2Senior Resident at Barry University/ Mercy Hospital, Miami, Florida
3Resident at Barry University/ Mercy Hospital, Miami, Florida
4Diplomate, American Board of Podiatric Surgery.

© The Foot and Ankle Online Journal, 2012

A Prospective Randomized Trial Using Four Treatment Modalities for the Treatment of Plantar Fasciitis

by Gerald T. Kuwada, DPM, NMD

The Foot and Ankle Online Journal 4 (8): 1

Introduction: A prospective randomized study was conducted to determine the efficacy of subjective pain reduction in patients with plantar fasciitis using four treatment modalities.
Methods: One hundred patients (62 females and 38 males) were randomly assigned into four groups (n = 25) to receive arch supports, ultrasound treatments, injection or orthotics.
Results: The ultrasound group had the highest average pain reduction of 3.97 after treatment and the highest number of patients who had pain relief after treatment at 81% or 21/25. Orthotics had the next highest average pain reduction followed by local Marcaine/Triamcinolone injection and arch supports. The orthotic group had more patients who had no pain after using the devices than any of the groups.
Conclusions: No single treatment modality provided complete heel pain relief after treatment. Combining modalities will likely help improve plantar fasciitis than just one modality alone. This study also implies that some patients will require more than just one treatment modality to eliminate the symptoms of plantar fasciitis and that each modality usually decreased heel pain in most patients.

Key words: Heel pain, plantar fasciitis.

Accepted: July, 2011
Published: August, 2011

ISSN 1941-6806
doi: 10.3827/faoj.2011.0408.0001

One of the common foot problems in our society today is plantar fasciitis or plantar fasciopathy. One etiology that appears to be associated with this condition is obesity. Unfortunately, Americans are the heaviest people in the world and the obese American population is increasing at an alarming rate according to the Center of Disease Control (CDC). [1,2]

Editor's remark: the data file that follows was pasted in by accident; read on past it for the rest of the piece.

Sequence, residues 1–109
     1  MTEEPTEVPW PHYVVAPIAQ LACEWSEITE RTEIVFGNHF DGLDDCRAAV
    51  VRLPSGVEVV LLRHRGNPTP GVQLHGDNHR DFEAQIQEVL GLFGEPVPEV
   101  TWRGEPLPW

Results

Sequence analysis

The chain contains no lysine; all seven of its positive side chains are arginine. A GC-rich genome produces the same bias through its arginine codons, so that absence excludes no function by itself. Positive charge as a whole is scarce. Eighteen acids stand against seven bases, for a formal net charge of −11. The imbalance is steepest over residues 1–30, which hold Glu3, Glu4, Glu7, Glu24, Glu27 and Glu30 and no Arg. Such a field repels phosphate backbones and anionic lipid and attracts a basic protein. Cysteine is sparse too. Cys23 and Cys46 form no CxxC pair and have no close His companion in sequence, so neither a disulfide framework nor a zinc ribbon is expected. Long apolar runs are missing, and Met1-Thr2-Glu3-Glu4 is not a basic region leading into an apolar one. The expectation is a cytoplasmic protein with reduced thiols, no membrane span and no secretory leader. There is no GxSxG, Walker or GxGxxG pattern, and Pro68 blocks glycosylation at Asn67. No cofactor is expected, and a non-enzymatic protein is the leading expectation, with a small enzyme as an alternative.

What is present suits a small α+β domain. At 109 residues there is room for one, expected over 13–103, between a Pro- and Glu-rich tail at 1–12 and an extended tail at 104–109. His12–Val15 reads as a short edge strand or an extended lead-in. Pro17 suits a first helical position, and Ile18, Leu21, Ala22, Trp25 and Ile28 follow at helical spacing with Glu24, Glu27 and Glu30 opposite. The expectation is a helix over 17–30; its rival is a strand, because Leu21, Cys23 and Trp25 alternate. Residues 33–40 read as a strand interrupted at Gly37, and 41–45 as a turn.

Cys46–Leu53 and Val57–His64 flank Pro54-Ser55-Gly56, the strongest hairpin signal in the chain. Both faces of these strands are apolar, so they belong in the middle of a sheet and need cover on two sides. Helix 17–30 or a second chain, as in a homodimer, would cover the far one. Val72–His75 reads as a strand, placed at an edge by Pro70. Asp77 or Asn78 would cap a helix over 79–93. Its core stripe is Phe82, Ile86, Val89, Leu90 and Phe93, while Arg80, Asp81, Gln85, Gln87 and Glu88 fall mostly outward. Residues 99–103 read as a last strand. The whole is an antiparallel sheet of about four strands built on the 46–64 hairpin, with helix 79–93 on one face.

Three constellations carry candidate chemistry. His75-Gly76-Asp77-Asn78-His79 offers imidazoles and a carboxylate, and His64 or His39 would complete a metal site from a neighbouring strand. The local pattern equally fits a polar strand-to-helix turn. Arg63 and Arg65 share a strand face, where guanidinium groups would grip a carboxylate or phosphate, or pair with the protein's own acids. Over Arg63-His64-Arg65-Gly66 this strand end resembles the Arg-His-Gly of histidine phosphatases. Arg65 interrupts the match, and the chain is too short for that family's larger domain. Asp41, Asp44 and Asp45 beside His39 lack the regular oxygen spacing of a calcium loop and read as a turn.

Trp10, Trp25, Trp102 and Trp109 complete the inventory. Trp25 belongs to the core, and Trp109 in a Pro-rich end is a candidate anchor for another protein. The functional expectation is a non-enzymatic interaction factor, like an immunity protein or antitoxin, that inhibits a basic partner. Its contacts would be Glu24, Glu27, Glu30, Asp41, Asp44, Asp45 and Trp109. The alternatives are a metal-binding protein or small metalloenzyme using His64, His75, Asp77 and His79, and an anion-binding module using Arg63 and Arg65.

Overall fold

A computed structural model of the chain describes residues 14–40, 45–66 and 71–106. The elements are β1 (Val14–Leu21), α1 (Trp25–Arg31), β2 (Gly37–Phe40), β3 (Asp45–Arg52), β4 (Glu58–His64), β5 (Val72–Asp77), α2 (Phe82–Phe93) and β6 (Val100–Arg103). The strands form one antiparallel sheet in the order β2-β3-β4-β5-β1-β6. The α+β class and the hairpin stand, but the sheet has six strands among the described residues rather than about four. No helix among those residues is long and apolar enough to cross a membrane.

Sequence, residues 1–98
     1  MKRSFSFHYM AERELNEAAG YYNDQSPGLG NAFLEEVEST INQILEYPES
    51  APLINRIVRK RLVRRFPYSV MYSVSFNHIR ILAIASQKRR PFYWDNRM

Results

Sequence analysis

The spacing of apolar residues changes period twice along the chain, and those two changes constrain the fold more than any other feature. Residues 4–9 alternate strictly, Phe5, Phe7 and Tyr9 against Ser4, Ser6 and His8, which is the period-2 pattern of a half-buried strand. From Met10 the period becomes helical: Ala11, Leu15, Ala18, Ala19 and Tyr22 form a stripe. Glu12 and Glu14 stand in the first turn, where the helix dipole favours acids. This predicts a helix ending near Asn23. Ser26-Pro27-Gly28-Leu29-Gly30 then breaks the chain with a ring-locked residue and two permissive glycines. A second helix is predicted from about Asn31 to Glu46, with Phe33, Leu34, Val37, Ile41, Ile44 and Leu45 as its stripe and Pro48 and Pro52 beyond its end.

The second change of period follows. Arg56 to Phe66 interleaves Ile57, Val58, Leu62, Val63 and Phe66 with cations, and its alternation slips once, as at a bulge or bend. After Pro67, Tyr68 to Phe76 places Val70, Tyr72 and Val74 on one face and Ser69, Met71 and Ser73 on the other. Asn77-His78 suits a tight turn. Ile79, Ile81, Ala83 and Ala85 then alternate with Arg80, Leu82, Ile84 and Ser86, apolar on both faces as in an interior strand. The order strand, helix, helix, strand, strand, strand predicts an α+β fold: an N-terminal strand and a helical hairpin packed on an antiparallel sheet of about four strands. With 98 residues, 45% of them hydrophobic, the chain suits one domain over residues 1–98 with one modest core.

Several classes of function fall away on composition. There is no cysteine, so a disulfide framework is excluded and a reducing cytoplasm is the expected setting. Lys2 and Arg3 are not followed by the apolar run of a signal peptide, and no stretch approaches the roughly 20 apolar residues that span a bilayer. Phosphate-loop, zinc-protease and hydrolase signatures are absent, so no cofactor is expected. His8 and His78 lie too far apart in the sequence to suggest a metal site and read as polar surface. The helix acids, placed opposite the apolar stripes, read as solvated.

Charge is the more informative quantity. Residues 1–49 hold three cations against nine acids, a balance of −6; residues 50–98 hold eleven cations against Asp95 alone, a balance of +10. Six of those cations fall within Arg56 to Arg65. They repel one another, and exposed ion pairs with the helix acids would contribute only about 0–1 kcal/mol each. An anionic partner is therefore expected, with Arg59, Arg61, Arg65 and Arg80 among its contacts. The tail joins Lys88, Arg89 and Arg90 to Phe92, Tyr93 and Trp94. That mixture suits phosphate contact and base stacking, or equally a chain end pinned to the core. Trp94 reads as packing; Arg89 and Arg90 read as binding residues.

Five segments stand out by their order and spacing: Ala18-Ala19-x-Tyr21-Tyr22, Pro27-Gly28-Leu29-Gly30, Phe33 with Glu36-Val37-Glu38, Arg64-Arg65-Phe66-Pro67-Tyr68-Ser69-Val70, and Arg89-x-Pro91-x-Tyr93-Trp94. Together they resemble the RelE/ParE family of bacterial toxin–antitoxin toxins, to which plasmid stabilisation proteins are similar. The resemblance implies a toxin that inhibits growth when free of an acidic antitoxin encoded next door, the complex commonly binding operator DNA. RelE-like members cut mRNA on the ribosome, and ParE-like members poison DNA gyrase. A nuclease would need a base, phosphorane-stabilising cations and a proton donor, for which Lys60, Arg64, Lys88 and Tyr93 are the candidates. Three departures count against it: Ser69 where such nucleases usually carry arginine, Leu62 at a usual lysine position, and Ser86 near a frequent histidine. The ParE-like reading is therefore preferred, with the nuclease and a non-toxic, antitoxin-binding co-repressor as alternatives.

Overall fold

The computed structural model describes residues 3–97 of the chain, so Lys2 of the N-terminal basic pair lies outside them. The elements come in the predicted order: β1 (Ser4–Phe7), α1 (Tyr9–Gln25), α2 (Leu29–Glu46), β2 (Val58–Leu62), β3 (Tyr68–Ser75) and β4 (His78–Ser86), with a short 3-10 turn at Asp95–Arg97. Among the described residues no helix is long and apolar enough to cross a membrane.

The obesity issue is epidemic in America resulting in a myriad of preventable diseases like diabetes, cardiovascular disease, and cancer resulting often in premature death and contributing to the most costliest health care system in the world at plus 2 trillion dollars annually. [3] The escalating cost of our health care system is a tremendous burden to our society already paying two trillion dollars for the Iraq and Afghanistan wars. Other etiologies for heel pain include trauma, arthritides, overuse injury, foot type, gait abnormalities, masses and tumors. In some cases the etiology is multifactorial. [4]

For the obese patient attempting to lose weight by exercise and caloric restriction, having plantar fasciitis makes the situation almost impossible to lose weight. The podiatric physician is faced with a challenging task of determining a viable treatment plan that gets the obese patient exercising with minimal to no pain.

Fortunately, there are many treatment modalities which may be viable for our obese patients as well as others. Ultrasound treatment is non invasive, easy to apply and comfortable for the patient. The high frequency sound stimulates the local tissues and increases the blood flow to the area alleviating inflammation. [4] Prefabricated and custom orthotics is another treatment recommendation. Studies have shown no significant difference between the orthotics and both have shown to consistently reduce heel pain. [4,5] Injection therapy is another useful modality that has been used to reduce inflammation in plantar fasciitis. In one study Triamcinolone with Lidocaine proved to be the most effective injection compared to 3 other types of medication and technique types. [6] For short term treatment low dye strapping has been found to be effective reducing plantar fascial pain. [7]